With candlelight, prayer, and experiences shared of a life-changing day in American history, Lodians remembered Sept. 11 at the Lodi Funeral Home for the Never Forget Tribute.
The chapel filled with community members on Sunday to honor the lives of the victims and heroes of that fateful day in 2001 when terrorists attacks struck the World Trade Center in New York City and the Pentagon in Washington D.C.
Lodi Fire Department led with the Pledge of Allegiance and St. Mary’s High School Senior Adelaide Hicks followed with a performance of the National Anthem. Chad Donley, chaplain of the American Legion Post 22 gave the invocation before 9/11 survivor, Corey Daniel, took to the podium to share some words about the day he escaped the South Tower of the World Trade Center that day.
Fifteen years ago, Daniel was working with a different investment firm and attending a two-week conference at the World Trade Center. He had arrived on Sept. 9 and was in the second day of the conference early that morning when a plane struck the North Tower. He and others were told to evacuate.
“It all happened in minutes and seconds,” Daniel said.
He heard a voice, he thought it might be the holy spirit guiding him, telling him that he had to get down, he said.
By 9:03 a.m. another plane hit floors 75 through 85 of the building he was in, while he was then 20 floors down and in a stairwell on the opposite side of the building.
“What was an orderly evacuation became chaotic,” he said.
Eventually, Daniel reached the basement level and was able to exit the building, feeling compelled to continue running away from the chaos — since the building had wobbled from the impact, he thought it might topple over.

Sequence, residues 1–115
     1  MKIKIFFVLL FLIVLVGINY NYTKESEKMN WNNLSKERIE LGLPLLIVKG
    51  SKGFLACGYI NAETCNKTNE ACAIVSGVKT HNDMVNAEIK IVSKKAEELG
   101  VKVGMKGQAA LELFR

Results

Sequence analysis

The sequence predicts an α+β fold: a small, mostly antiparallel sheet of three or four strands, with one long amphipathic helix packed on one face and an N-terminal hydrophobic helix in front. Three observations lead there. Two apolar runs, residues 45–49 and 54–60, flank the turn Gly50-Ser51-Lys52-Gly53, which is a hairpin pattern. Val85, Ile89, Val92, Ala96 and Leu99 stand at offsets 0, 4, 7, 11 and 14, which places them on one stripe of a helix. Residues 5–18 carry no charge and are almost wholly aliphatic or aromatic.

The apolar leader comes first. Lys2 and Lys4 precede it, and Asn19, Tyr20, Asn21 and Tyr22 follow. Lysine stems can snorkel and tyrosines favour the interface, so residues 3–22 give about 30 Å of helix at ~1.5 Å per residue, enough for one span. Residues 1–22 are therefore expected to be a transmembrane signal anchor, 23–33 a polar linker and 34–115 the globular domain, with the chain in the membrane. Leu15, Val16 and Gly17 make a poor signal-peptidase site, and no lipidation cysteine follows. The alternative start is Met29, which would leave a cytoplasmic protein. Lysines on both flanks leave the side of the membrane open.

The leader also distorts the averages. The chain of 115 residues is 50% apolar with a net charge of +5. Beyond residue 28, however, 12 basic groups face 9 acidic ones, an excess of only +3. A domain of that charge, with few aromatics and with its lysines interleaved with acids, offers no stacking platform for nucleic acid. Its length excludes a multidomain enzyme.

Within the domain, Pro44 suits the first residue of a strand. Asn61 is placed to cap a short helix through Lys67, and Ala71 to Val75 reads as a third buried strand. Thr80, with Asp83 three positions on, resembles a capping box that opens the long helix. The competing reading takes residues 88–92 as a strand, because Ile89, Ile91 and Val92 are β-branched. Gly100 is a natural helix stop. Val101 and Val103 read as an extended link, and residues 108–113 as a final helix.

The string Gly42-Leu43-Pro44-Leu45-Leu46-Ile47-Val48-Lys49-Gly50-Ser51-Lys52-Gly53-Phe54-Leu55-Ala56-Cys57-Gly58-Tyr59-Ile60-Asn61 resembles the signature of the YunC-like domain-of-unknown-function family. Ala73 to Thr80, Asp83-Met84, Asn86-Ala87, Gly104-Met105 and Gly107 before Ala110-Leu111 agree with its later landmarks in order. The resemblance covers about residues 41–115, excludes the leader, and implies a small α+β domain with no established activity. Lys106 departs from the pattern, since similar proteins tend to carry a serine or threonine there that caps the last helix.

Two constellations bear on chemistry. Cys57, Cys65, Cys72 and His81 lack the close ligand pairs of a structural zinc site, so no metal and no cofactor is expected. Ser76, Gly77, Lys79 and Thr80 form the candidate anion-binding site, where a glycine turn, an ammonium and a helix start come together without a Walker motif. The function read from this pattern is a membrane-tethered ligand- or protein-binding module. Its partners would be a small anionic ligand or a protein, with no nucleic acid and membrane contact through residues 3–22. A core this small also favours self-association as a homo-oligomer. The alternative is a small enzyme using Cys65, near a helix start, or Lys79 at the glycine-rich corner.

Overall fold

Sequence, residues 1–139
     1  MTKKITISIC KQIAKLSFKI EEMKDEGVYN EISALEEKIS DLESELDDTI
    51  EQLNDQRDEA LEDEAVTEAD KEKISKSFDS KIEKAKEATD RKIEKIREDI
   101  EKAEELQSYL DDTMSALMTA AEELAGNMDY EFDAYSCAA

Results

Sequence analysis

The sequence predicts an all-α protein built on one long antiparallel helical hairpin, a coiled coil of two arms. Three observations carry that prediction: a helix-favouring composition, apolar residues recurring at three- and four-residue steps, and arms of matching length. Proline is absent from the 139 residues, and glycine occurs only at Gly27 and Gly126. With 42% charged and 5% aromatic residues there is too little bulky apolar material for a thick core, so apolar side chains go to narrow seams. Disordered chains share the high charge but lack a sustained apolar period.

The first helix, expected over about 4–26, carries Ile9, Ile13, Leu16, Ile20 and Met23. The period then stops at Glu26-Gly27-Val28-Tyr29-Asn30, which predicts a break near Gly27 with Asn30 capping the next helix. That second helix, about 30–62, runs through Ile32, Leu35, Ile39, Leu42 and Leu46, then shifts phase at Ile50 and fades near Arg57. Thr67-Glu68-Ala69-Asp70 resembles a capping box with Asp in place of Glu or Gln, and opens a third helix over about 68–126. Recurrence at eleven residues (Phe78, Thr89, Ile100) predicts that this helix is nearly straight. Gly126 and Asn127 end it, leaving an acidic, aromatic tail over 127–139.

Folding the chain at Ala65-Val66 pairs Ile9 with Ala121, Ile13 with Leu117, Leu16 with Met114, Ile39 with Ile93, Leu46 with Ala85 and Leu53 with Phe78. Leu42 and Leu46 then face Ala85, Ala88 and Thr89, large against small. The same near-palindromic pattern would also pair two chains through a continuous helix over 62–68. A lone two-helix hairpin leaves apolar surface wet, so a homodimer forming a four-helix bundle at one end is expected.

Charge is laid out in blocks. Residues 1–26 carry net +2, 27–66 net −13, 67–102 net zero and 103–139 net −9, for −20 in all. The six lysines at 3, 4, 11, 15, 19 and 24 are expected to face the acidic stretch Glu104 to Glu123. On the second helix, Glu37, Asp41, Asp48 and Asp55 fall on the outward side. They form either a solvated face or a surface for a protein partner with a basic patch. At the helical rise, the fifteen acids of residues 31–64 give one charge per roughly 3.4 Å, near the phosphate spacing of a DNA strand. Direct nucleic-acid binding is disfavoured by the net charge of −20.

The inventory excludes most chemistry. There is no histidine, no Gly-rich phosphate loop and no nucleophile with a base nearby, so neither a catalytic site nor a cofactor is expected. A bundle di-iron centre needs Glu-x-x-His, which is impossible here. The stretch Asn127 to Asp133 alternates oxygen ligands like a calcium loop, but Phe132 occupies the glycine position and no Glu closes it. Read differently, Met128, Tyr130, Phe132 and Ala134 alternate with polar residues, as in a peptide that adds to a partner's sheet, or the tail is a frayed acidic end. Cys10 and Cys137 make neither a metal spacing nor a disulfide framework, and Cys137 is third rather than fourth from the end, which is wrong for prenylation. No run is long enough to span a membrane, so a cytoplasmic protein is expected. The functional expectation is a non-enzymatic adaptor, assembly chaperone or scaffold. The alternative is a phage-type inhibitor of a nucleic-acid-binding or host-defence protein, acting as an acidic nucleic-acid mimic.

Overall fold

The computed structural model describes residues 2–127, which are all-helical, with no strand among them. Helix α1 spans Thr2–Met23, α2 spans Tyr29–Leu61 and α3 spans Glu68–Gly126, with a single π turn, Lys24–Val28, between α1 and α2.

Soon the building collapsed in on itself behind him. Of the people in and around the World Trade Center and the Pentagon that day, 2,977 people died. Many more died later from inhaling the fine dust of the collapsed buildings, which led to cancers, he said. Daniel was just outside the radius of dust when the tower came down.
“I’ll never, ever forget that day,” Daniel said. “I thank the Lord everyday for being alive.”
He also continues to thank those in public safety and in the military for their service, he said.
Retired U.S. Marshall Tony Amador, who is running for Congress, also spoke. He shared that he was in Washington D.C. on that day and remembers the plume of smoke that rose from the Pentagon in the distance. All the planes were grounded at that time. When he finally reached Sacramento, there was a great cheer from the passengers that the plane landed safely. He also echoed that it was very important never to forget.
Speakers and special guests then lit and carried candles to lead in a remembrance walk down Fairmont Avenue. Guests wrote the names of people they wished to remember on pieces of ribbon and then pinned those ribbons to a wreath, when they returned.
At that time, candles were distributed to everyone as Donley began a moment of silence for those who were lost.
Special performances included singing students from Beckman Elementary School with their rendition of “America the Beautiful” and another by the a capella choir from the Ham Lane Church of Christ.
Members of the audience reflected on their memory of 9/11 and what the remembrance event meant to them.
Ricardo Solis was attending to watch his daughter perform, but said it was nice that the community put this event together. He remembers that 9/11 happened so fast that it was something he will never forget.
“I’ll always be thinking about it when I’m going somewhere big, that something bad could happen. It’s a sad way to live but its reality,” Solis said.
Another in the audience, Karl Welsbacher believed the remembrance was an important event to keep this day in people’s minds.
“We should, as Americans, work to prevent this thing from happening ever again,” he said.
Contact reporter Christina Cornejo at firstname.lastname@example.org.